“Home Cooking” is exactly that. It begins: “Unlike some people, who love to go out, I love to stay home.” She wrote a prose poem to the power of the dinner party: “It is a fact of life that people give dinner parties, and when they invite you, you have to turn around and invite them back. Often they retaliate by inviting you again, and you must then extend another invitation. Back and forth you go, like Ping-Pong balls, and what you end up with is called social life.” But she wasn’t really complaining. This is quintessential Colwin: “One of the delights of life is eating with friends; second to that is talking about eating. And, for an unsurpassed double whammy, there is talking about eating while you are eating with friends.” [To buy the paperback from Amazon, click here.]

On to the fiction. Colwin’s cult is divided about The Best Book. Some insist it’s “Happy All the Time.” I understand why. Four lovers in their twenties, far from poor, highly educated, with the special tics of the intelligently self-obsessed. The writing is lush:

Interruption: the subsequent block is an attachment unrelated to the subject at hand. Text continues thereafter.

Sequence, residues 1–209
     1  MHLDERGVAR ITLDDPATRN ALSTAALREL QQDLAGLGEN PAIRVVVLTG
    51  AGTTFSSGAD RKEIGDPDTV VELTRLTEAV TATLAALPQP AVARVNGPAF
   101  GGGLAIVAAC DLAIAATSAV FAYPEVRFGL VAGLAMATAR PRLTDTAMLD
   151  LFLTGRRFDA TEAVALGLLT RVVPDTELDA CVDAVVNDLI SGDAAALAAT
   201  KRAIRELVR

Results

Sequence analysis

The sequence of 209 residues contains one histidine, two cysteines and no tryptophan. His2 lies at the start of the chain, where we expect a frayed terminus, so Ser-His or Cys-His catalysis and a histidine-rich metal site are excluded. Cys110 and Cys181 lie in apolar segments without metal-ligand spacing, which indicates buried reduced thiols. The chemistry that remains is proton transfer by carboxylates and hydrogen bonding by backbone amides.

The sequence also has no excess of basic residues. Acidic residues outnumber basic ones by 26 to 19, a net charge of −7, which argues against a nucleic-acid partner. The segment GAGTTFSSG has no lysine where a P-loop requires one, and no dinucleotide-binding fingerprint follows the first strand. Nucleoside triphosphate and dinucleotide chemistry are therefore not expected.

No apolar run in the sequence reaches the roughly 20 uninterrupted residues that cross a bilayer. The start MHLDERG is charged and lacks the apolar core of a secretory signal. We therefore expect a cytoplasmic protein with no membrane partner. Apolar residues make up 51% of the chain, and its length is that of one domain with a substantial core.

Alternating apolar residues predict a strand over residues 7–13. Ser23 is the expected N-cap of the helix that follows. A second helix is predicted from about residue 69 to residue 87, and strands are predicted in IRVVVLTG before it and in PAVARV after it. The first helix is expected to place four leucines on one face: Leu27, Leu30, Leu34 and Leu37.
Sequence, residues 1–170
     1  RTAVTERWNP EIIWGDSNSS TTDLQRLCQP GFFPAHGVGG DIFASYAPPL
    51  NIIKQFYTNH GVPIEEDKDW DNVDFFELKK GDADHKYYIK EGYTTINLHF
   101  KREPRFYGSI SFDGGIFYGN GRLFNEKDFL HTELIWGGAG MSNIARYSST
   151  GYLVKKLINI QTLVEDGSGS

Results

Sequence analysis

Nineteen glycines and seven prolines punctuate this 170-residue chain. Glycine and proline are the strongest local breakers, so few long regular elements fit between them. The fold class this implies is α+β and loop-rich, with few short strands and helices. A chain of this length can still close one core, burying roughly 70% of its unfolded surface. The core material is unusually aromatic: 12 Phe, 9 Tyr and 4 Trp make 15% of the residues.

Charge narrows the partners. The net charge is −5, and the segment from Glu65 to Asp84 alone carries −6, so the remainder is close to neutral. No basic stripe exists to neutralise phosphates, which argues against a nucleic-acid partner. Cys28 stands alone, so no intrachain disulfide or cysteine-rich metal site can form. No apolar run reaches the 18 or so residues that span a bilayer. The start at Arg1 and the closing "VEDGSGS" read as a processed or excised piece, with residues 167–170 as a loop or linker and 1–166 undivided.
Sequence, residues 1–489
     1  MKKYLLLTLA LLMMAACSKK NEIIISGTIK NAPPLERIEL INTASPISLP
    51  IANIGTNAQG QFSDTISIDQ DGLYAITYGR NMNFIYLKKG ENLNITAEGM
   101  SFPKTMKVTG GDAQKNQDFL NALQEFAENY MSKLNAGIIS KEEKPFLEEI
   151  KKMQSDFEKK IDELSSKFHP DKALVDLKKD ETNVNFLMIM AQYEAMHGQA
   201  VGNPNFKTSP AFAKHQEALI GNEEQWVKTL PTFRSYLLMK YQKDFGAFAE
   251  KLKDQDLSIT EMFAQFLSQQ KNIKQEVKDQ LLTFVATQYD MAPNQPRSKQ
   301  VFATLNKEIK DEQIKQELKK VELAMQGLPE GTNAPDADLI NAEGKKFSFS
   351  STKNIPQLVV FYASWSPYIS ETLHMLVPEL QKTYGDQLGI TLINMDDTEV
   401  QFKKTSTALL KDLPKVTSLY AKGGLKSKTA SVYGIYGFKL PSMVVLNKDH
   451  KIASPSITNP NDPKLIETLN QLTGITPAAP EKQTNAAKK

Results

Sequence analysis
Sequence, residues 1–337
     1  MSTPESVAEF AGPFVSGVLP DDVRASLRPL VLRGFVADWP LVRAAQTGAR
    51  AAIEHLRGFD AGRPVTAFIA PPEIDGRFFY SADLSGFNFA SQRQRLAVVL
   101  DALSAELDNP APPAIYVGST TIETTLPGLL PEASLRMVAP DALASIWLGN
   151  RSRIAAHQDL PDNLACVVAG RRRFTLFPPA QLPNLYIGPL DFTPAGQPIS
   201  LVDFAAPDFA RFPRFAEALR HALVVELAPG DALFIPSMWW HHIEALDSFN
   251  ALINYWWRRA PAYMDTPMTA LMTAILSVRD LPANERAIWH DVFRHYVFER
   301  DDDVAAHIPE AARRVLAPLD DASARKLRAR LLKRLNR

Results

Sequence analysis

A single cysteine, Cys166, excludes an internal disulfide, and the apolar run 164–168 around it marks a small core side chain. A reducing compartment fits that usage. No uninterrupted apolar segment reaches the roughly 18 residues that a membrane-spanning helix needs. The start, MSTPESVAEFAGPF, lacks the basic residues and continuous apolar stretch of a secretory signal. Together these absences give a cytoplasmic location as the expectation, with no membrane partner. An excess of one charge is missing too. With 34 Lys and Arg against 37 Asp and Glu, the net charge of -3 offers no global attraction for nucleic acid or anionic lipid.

“There are going to be thousands of dinners like this, thought Misty. This is my place at the dinner table. This is my intended husband’s best friend and that is the wife of my intended’s best friend whom I am going to spend the rest of my life getting to know. Across the table, Vincent looked seraphically happy. How wonderful everything tasted, Misty thought. Everything had a sheen on it. Was that what love did, or was it merely the wine? She decided that it was love.
“It was just as she suspected: love turned you into perfect mush.”

One character is Jewish and mouthy, a stand-in for the author and a great humanizing factor — this is, in every other way, a story from the 1970s, when these self-involved lives were still possible. [To read Chapter 1, click here. To buy the paperback from Amazon, click here.]